The Ring, The Taxidermist and Richard Wagner

Written By The Wagnerian on Thursday, 21 November 2013 | 4:49:00 am

Reviewing the Melbourne Ring we could not help but notice the amount of "stuffed animals" that littered Valhalla. This brought to mind two thoughts: their meaning withing the production and whether they were real" - the subject of the taxidermist "art". The latter was as much concern as the first as it seemed - given Wagner's thoughts on vivisection and animal cruelty - he might not have approved if they were "real".  But the internet being what it is, a quick tweet by someone that we follow on twitter and an equally fast reply was received. We supply that below - for anyone curious - but first a few thoughts from Wagner.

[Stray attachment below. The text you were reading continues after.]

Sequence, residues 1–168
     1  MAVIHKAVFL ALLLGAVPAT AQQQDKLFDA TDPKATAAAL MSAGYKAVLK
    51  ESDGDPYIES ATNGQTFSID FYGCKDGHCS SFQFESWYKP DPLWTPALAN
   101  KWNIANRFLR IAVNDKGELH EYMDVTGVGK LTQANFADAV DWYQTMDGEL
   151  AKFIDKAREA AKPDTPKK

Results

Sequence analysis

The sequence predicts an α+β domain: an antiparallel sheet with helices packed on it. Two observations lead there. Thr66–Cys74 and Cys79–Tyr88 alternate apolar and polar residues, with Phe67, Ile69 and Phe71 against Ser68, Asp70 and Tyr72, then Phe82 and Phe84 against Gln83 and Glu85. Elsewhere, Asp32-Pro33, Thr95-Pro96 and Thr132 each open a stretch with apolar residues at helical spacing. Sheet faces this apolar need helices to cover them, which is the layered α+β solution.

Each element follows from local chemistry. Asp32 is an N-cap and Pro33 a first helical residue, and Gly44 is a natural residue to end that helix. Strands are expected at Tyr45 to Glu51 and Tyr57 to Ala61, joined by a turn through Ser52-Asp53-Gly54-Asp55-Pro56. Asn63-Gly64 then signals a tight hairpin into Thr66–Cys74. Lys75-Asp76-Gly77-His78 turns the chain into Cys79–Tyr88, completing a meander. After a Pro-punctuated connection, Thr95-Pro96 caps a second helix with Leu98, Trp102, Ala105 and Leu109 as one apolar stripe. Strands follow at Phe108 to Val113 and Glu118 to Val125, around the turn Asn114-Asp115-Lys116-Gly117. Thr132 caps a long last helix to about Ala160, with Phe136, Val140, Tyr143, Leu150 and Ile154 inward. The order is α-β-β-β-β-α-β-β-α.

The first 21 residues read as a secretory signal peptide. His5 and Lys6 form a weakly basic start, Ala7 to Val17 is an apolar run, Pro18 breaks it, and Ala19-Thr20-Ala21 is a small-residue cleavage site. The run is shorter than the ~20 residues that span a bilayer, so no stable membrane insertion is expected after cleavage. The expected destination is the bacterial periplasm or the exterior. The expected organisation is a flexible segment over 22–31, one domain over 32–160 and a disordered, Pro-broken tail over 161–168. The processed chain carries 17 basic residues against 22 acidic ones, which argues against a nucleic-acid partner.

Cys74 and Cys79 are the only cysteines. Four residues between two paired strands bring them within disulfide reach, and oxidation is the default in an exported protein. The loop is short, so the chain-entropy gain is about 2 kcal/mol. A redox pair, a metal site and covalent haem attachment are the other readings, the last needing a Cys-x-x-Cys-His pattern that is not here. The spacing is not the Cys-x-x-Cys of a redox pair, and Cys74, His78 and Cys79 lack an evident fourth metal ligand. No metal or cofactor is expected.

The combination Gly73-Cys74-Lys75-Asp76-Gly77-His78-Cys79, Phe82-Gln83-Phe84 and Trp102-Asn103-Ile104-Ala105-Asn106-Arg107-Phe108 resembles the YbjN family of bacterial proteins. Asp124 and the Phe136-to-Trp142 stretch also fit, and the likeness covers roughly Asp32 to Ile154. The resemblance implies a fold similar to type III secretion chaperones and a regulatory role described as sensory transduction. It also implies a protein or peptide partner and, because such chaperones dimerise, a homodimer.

"Recently, while I was in the street, my eye was caught by a poulterer's shop; I stared unthinkingly at his piled-up wares, neatly and appetizingly laid out, when I became aware of a man at the side busily plucking a hen, while another man was just putting his hand in a cage, where he seized a live hen and tore its head off. The hideous scream of the animal, and the pitiful, weaker sounds of complaint that it made while being overpowered transfixed my soul with horror. Ever since then I have been unable to rid myself of this impression, although I had experienced it often before. It is dreadful to see how our lives—which, on the whole, remain addicted to pleasure—rest upon such a bottomless pit of the cruellest misery! This has been so self-evident to me from the very beginning, and has become even more central to my thinking as my sensibility has increased ... I have observed the way in which I am drawn in the [direction of empathy for misery] with a force that inspires me with sympathy, and that everything touches me deeply only insofar as it arouses fellow-feeling in me, i.e. fellow-suffering. I see in this fellow-suffering the most salient feature of my moral being, and presumably it is this that is the well-spring of my art"RW: Human Beasts of Prey and Fellow-Suffering - Selected Letters of Richard Wagner. translated by Stewart Spencer and Barry Millington